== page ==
Campus survey of religion is biased, secularists charge

Equality body's study accused of provoking 'false impression of victimhood'. John Morgan reports

January 13, 2011

The National Secular Society has attacked higher education's equality body over a new survey of religion and belief, claiming it is biased towards believers and could stir up a false sense of "religious victimhood" among students and staff.

The society has also criticised the Equality Challenge Unit (ECU) for awarding the survey contract to the University of Derby, which it says showed "pro-religious bias" in research for the Home Office in 2000.

Keith Porteous Wood, the society's executive director, says in a letter to the ECU that the survey does not allow non-believers to express concerns about religion on campus.

He cites "the increasing incidence of students on biology or zoology courses objecting on religious grounds to the teaching of evolution" and "Muslim female medical students (who) have bare their arms to scrub up".

The survey is part of a study titled Religion and Belief in Higher Education. The ECU said the research will "inform the further development of more inclusive policy and practice".

In a letter to David Ruebain, the ECU's chief executive, Mr Porteous Wood takes issue with some survey questions, including one asking students if they agree that "the content of my course is presented in a way which is sensitive to my religion or belief".

Such questions are likely to produce responses, he says, that "could be used to imply prejudice or discrimination where none exists and where students'...expectations of their beliefs being shown unqualified respect are neither realistic nor desirable if equality, diversity and cohesion are to be served".

He says the results risk giving "a grossly exaggerated, if not false, impression of religious victimhood".

Paul Weller, academic lead on the study and professor of inter-religious relations at Derby, states on his website that he was a Baptist minister for 13 years.

He said researchers working on the study included "individuals who understand themselves as religious and as secularist", adding that the survey drew on "a high level of participation from staff and students who do not see themselves primarily in terms of religious identity".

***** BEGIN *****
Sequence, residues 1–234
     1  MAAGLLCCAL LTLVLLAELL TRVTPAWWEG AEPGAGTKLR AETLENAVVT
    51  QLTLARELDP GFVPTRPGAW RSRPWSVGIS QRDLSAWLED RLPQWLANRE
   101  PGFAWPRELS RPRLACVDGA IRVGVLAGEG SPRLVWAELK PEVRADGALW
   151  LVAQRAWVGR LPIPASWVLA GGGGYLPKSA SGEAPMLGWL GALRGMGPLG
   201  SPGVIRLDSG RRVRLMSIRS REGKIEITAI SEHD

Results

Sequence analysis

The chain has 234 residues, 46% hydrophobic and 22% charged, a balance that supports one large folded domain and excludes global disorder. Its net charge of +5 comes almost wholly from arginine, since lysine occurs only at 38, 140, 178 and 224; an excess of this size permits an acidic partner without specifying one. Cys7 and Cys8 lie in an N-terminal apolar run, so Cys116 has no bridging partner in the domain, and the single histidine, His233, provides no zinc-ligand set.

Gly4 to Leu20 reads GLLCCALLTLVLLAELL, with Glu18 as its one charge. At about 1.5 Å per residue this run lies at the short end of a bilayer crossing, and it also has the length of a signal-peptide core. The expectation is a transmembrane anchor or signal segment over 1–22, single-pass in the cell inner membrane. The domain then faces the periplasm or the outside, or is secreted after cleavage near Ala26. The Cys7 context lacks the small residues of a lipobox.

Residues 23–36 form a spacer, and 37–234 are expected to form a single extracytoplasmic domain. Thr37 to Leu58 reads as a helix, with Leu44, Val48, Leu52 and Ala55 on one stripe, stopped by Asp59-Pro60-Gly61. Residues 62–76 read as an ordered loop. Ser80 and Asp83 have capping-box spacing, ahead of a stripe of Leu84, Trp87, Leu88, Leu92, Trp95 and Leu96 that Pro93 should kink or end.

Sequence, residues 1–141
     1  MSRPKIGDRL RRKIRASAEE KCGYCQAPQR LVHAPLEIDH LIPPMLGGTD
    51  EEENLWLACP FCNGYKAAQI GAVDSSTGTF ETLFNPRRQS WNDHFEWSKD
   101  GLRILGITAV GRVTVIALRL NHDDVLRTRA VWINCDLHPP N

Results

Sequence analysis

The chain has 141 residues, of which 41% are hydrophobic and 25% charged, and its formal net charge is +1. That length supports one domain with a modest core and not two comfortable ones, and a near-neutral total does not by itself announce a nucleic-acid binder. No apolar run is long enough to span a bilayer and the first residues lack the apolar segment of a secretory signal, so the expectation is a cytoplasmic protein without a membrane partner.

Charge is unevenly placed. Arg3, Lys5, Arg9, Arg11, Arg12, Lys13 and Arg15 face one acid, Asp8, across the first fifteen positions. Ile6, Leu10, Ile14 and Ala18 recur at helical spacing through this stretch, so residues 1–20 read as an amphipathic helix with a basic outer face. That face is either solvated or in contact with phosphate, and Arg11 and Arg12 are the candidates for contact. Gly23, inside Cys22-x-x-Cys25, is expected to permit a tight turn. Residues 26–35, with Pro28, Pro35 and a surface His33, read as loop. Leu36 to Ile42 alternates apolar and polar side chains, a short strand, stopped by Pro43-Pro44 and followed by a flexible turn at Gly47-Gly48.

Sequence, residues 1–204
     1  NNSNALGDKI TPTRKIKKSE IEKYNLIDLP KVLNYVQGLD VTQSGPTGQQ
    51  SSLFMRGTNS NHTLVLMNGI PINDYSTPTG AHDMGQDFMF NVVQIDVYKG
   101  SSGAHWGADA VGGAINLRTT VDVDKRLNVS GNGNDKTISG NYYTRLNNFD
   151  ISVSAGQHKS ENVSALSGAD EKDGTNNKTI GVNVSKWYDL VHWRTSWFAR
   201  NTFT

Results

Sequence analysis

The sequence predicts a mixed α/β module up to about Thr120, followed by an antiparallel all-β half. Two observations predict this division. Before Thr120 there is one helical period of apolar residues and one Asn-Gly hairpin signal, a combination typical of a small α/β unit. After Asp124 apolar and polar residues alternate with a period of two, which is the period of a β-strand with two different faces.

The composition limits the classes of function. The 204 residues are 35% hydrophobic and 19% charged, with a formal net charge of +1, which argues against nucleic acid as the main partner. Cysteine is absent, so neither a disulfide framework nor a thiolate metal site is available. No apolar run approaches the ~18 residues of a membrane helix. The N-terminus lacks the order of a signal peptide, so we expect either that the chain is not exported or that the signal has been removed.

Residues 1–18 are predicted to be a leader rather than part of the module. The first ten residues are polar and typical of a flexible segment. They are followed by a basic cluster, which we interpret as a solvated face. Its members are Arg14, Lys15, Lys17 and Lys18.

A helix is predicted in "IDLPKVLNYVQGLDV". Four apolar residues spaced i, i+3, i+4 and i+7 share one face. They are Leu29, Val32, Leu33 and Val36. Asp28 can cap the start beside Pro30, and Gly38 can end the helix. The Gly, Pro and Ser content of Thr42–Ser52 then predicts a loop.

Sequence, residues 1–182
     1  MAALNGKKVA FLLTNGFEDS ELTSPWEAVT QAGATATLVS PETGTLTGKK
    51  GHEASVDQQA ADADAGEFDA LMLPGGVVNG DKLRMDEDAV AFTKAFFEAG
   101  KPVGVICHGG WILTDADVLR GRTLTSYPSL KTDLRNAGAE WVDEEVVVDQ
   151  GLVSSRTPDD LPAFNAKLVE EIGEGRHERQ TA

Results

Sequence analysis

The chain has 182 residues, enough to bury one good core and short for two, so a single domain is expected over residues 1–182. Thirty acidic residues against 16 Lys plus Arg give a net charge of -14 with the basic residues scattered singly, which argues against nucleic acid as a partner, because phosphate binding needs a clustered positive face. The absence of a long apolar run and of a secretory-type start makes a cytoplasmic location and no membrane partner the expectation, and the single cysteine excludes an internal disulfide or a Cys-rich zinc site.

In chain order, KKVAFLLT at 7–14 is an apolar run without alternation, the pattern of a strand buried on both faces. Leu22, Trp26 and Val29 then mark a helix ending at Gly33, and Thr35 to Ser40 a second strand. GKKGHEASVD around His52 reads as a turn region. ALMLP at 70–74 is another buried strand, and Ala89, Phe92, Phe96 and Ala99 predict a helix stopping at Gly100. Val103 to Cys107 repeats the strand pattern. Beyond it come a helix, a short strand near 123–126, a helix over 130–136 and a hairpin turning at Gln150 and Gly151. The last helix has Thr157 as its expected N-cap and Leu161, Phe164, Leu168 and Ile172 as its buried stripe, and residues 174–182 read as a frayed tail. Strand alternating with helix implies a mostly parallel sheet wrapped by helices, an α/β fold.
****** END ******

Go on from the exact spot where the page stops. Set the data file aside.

Professor Weller also said he would "strongly contest and reject" allegations of bias in the 2000 research, which "went through a rigorous process of peer review".

An ECU spokeswoman said that Derby was chosen through a "competitive and comprehensive tendering process", and that "assuming that a religious academic wouldn't be able to conduct robust and unbiased research raises several equality issues in itself".

Bad science, good magic: For many in Mexico, faith still bewitches reason

While the National Secular Society worries about the influence of religion on British campuses, in Mexico there is concern about the public's faith in magic.

A survey by the National Council on Science and Technology and the National Institute of Statistics and Geography found that about half of Mexicans believe scientists are "dangerous", while large numbers give credence to "homeopathy, spiritual cleansing and lucky numbers", Science magazine reported.

However, respondents are also aware that their views may raise eyebrows, with 84 per cent agreeing with the statement: "We believe too much in faith and too little in science."

Rosaura Ruiz, director of the Faculty of Sciences at the National Autonomous University of Mexico, said that Mexicans' faith in magic "might be laughable except that it is desperately grave for national development".

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